Hartt & Soul Productions Presents: Benefitting One World
Show Time : 8:00 PM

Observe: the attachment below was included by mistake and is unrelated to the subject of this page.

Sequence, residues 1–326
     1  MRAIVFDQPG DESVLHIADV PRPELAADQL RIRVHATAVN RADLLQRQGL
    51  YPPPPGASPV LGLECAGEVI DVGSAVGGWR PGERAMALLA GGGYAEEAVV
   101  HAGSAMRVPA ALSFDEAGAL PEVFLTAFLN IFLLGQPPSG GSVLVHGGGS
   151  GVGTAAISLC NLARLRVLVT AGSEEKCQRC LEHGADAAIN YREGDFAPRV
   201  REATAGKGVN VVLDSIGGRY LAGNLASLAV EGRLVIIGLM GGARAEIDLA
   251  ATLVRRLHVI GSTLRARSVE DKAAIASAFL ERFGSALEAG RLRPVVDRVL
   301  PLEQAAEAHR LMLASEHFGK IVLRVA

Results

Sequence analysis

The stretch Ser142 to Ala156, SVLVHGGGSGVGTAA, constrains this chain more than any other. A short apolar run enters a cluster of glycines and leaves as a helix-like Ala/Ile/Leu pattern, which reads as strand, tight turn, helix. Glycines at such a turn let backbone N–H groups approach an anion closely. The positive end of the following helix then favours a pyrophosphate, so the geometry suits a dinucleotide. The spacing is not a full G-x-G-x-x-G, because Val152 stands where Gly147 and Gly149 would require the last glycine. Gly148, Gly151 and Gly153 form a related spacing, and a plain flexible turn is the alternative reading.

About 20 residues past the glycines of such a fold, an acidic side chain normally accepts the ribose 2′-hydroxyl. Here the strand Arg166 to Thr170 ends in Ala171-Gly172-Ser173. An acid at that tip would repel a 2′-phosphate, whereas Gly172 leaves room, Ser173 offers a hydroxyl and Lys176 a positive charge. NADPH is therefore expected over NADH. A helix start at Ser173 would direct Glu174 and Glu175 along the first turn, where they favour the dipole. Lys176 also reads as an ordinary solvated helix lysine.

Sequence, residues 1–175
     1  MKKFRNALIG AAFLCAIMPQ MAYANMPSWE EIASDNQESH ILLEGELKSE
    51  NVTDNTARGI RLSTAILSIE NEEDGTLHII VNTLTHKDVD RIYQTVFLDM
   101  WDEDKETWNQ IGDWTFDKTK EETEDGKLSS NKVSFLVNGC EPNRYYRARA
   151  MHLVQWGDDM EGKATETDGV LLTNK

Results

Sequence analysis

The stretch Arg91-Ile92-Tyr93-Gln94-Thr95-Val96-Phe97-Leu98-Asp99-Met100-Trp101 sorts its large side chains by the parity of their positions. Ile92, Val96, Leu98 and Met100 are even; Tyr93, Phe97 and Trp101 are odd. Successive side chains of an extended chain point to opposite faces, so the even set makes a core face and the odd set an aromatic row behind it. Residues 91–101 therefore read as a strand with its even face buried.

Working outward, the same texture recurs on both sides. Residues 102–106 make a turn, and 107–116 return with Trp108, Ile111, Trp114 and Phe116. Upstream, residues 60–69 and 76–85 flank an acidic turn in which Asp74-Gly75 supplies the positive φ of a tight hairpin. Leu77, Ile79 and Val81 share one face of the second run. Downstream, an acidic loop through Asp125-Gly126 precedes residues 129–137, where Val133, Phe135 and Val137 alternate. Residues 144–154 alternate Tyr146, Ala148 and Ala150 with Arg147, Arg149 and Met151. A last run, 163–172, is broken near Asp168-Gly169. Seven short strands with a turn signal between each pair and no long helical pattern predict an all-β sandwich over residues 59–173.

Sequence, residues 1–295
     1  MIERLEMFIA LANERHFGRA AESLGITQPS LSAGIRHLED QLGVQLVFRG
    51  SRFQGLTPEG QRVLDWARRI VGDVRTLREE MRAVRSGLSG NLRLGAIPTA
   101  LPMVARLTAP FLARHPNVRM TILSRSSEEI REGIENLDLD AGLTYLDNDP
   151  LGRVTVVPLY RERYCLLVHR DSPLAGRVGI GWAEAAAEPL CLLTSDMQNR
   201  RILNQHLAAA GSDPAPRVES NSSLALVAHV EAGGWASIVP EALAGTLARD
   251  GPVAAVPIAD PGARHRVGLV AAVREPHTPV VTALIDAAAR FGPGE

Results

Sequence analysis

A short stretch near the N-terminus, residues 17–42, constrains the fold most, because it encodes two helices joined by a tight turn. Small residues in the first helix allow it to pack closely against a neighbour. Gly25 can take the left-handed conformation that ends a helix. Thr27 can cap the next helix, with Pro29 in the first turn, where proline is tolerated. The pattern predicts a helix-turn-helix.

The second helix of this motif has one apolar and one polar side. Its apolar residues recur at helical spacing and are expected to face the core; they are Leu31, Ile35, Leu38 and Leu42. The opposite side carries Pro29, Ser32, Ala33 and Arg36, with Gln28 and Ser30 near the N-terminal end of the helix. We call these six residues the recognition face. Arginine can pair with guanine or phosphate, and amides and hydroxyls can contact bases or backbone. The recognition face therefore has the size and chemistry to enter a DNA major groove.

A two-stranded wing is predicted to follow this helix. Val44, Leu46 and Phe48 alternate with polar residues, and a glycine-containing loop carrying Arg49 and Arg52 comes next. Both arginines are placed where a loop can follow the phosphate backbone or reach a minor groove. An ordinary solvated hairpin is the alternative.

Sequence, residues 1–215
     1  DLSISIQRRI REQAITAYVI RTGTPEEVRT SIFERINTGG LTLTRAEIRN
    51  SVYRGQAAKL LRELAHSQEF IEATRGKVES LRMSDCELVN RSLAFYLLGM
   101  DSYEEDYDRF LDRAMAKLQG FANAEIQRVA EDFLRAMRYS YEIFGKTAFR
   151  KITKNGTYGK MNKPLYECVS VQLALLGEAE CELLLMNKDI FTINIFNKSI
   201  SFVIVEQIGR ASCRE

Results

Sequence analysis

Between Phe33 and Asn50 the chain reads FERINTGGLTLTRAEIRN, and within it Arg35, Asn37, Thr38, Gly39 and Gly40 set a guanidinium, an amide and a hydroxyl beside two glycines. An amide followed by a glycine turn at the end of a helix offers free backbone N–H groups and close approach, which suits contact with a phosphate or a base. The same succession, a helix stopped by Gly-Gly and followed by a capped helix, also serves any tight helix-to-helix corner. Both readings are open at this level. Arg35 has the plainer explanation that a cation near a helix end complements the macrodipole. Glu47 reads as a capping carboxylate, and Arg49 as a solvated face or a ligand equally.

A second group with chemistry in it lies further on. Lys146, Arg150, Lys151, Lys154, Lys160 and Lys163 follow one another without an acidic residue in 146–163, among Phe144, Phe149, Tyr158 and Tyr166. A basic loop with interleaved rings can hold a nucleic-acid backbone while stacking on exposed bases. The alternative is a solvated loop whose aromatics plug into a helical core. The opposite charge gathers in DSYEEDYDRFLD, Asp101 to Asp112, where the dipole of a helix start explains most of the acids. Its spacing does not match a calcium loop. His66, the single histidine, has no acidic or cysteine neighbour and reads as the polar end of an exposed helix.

Known as one of the finest pianists of the past 60 years, Eddie Palmieri is a bandleader, arranger, and composer of salsa and Latin jazz. His playing skillfully fuses the rhythm of his Puerto Rican heritage with the complexity of his jazz influences: Thelonious Monk, Herbie Hancock, McCoy Tyner as well as his older brother, Charlie Palmieri. Palmieri perfected his arranging skills in the 1970’s releasing several impressive recordings that reflected his unorthodox approach to music. His unconventional style would once again surprise critics and fans with the 1970 release entitled “Harlem River Drive.” This recording was the first to merge what were categorized as “Black” and “Latin” music into a free-form sound that encompassed elements of salsa, funk, soul and jazz. In 1975, Palmieri won the first-ever GRAMMY for Best Latin Recording for The Sun of Latin Music (he’s won ten GRAMMYs altogether to date), including two for his influential recording with Tito Puente, Obra Maestra/Masterpiece. Recognizing Palmieri as an American icon, the Smithsonian’s National Museum of American History in Washington, DC, recorded two of Palmieri’s performances for its archives. In addition to the GRAMMYs, Palmieri has received numerous honors: Eubie Blake Award; Most Exciting Latin Performance, presented by the BBC in London; Yale University’s Chubb Fellowship, usually reserved for international heads of state, but given to Palmieri in recognition of his work building communities through music; Harlem Renaissance Award; and the Jay McShann Lifetime Achievement Award. In 2013, Eddie Palmieri was awarded the coveted Jazz Master award by the National Endowment of the Arts (NEA). The NEA Jazz Master award is the highest honor an American Jazz artist can receive and was awarded a Lifetime Achievement Award by the Latin Academy of Recording Arts & Sciences.